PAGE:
- Whereas, the left out 85% never received a bit of it.
- After deep enquiries with 81% of parents, they stated that they weren’t able to meet with the health-care needs of their child.
It is sad that the cycle of rape cases is running more faster than the cycle of government machinery. While the issues were still adding to the list, the Supreme Court passed a direction in the famous case of ‘Nipun Saxena & Anr v. Union of India & Ors’, it was clearly directed by the honourable court that if in case the court repudiate to grant any interim or compensation to the victim of the crime then it shall record its reason for doing so. Therefore, it still does not mean that compensation will be granted in every case but the verdict of honourable court must be there in every case.
It was the final case of ‘Unnao’ Rape case and the SC brought many of the major issues to the fore. The SC observed that guidelines of the act are not been followed properly. Apart from granting an amount of 25 lakh to the victim as interim compensation, the court also declared that an ‘Exclusive Special Court’ will be set up which will be separately and particularly dealing with the cases of POSCO act. Though the process of these courts are still underway and may took some time.
Fortunately the court has given the hope by introducing their new POSCO Rules on March 9, 2020. The new notable rules are as follows:
- There are some additions being done in the Rule 3 of the act that mandates the State & Central Government to maintain the appropriate awareness, the dispersal of information at different public places like airports, railways & etc. Apart from this, the provision is also made to frame or formulate a ‘Child Protection Policy’ which will indeed take care of the child’s prevention & cure both.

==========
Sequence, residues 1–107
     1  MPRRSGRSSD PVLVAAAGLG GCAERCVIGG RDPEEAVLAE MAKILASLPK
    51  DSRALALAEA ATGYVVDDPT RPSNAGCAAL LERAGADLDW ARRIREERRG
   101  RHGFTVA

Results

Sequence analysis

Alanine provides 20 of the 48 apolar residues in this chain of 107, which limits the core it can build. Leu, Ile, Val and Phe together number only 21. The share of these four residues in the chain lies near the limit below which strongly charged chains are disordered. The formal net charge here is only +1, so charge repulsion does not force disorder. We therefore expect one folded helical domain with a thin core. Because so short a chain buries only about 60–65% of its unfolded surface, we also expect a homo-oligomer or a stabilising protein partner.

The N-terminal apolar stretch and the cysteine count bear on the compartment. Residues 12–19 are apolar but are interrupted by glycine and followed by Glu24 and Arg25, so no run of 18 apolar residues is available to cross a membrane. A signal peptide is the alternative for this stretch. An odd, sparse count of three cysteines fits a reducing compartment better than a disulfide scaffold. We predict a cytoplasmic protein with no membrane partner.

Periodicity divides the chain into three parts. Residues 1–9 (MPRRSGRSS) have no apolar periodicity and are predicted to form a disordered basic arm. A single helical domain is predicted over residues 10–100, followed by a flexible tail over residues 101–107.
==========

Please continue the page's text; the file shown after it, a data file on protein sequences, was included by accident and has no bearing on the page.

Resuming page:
- Rule 4 speaks in support of child’s benefit that the victim’s support person (who is appointed for the benefit of child) must submit a monthly report to the Child Welfare Committee.
- Form A & Rule 4 (14) of the act guarantees that every victim and his/her respective family is made aware of their rights under the act when they will transfer the information to Police.
- Rule 8 speaks for ‘Special Relief’ in case of any emergency or essential need that is to be provided by the concerned Child Welfare Committee.
Fortunately the Union Government had approved & made the positive amendments in result of the combat rising issues of the POSCO rules & laws. After the case of Nirbhaya every rigorous & firm laws were made but unfortunately it didn’t stopped the problem. The new amendment had given ‘a ray of hope’ to everyone.
There has been a paradigm shift in the approach of criminal justice with regard to victim of crime. The above mentioned reports were loud & clear that though the problems are arising day by day but fortunately the government has already taken bold steps towards bringing a positive change. Finally the government is trying to provide ‘speedy relief’ to the victims by minimizing their inconvenience and avoiding unnecessary delay in granting compensation to the victim. Though it is still a question that these new developments will be implemented properly or not but still a ray of hope is better than a bundle of question marks.
Successful implementation of every law includes a coherent understanding which the government finally comprehends with regard to the social dignity of the children.